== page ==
A first attempt:
I was doing the decrease/increase rows with what I wanted to be the secondary color, the lighter Spring Fling, but that ended up kind of making it the primary color -- which you might be able to see in the awful, awful picture above.
So I switched it up:
and I like this much better. The Spring Fling is traveling from side to side nicely, but the Fairgrounds is not, which is resulting in lengthwise pools of orange-ish, dark green, and raspberry-ish. I'm trying to tighten up my gauge a bit and force it to move, but if this goes on much further, there might be some frogging.
Wow. Just while the pictures were loading, I started knitting a little tighter, and voila. They just can't drive 55. They're rolling rawhide.
I will NOT go down a needle size (like hell I'm knitting these on 4s, 5s are bad enough for a 77" scarf), and while manually changing your gauge doesn't seem to be an all-that-popular way of dealing with pooling here in blogland, it really works for me. And, now that I think about it, I realize that I have kind of been knitting the two colors differently anyway - when I do the straight across rows, I brace the end of the needle I knit onto against my leg and move the other needle and the yarn over top of it (if that makes any sense at all). This generally leads to a tighter gauge. I knit looser when I move both needles as I work, so this is really just bringing everything in line.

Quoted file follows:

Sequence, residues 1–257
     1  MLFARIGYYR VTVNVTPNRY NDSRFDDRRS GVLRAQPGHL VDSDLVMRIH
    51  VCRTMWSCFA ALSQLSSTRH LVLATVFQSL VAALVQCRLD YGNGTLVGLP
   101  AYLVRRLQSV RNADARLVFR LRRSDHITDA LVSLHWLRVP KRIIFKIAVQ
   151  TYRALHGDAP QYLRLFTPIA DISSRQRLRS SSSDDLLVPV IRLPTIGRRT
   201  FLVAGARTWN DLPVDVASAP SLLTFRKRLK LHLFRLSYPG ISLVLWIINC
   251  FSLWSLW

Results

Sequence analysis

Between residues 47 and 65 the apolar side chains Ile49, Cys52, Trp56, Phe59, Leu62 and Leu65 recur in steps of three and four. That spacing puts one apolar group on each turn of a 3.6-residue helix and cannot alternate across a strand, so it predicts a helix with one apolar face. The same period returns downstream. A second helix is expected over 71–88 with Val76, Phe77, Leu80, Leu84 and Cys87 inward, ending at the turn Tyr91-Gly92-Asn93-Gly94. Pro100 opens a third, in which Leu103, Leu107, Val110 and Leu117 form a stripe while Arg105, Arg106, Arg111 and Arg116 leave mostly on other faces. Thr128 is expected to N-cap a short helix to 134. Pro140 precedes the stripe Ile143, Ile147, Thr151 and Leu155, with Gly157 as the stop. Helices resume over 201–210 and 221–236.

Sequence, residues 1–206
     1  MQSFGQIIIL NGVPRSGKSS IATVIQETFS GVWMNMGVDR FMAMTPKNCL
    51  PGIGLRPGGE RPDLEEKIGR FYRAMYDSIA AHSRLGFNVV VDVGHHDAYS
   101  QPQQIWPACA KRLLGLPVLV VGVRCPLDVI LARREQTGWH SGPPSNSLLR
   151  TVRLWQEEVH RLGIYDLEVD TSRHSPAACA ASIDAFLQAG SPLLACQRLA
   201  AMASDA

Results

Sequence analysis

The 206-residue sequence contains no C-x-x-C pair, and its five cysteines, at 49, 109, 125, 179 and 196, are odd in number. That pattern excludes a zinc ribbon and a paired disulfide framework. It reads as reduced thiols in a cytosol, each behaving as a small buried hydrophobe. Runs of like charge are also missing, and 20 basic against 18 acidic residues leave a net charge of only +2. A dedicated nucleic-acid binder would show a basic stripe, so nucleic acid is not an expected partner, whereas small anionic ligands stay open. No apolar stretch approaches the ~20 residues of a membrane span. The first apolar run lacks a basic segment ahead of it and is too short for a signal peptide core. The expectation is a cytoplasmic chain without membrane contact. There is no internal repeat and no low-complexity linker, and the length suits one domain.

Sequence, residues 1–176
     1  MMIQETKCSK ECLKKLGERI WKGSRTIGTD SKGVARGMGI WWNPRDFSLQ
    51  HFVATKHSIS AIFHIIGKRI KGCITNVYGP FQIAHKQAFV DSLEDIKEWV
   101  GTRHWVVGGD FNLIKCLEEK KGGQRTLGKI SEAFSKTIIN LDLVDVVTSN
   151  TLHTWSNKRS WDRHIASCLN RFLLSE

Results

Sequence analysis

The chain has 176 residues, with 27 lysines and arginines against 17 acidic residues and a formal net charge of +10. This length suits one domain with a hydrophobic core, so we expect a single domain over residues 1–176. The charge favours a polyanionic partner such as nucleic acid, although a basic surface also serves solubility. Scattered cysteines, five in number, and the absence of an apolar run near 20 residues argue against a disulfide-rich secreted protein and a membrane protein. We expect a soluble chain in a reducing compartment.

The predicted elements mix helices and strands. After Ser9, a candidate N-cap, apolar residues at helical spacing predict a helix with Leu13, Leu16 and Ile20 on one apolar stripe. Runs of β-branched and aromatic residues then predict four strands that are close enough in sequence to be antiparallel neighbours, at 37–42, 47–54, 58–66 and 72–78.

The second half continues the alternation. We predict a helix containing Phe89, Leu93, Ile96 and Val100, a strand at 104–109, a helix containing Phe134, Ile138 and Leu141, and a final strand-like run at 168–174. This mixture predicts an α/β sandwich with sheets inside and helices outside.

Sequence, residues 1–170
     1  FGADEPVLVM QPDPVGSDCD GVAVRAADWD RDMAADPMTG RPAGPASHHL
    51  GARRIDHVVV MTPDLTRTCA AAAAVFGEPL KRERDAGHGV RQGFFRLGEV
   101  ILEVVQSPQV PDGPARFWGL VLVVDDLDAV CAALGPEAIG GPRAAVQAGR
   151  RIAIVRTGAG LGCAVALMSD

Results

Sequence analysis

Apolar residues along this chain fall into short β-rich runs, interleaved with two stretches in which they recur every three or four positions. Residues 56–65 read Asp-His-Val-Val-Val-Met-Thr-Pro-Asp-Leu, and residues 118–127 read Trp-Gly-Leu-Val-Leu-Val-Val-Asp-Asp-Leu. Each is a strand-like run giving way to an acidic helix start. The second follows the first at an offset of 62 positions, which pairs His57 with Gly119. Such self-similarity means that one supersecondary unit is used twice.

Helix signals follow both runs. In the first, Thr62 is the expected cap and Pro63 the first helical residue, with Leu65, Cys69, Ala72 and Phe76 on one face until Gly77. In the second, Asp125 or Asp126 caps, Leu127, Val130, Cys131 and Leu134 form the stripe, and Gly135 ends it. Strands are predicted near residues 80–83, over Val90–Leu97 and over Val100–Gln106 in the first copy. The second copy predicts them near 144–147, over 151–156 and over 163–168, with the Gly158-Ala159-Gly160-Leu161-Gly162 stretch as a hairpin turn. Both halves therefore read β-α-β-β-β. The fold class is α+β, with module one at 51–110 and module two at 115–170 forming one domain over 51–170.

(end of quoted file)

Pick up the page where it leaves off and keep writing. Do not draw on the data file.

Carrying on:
A word about the colors: this is not turning out how I'd expected. The Fairgrounds looks pretty different than what I pictured from my monitor(s) - it's a bit darker. I'd originally been planning to use Fairgrounds with Rocktober, and my discipline in yarn-buying rewarded me with Rocktober being discontinued before I got any of it. So I went with these two colorways because they appeared to be similar colors, just with different values. But not so much.
I'm withholding judgment for now. The colors do remind me of the sorts of colors that are used together in vintage quilts - something about the combinations, perhaps. Pastels with yellow-y darker colors. The dusk-time picture above shows the relationships of the colors accurately, but they are more vibrant than they appear there.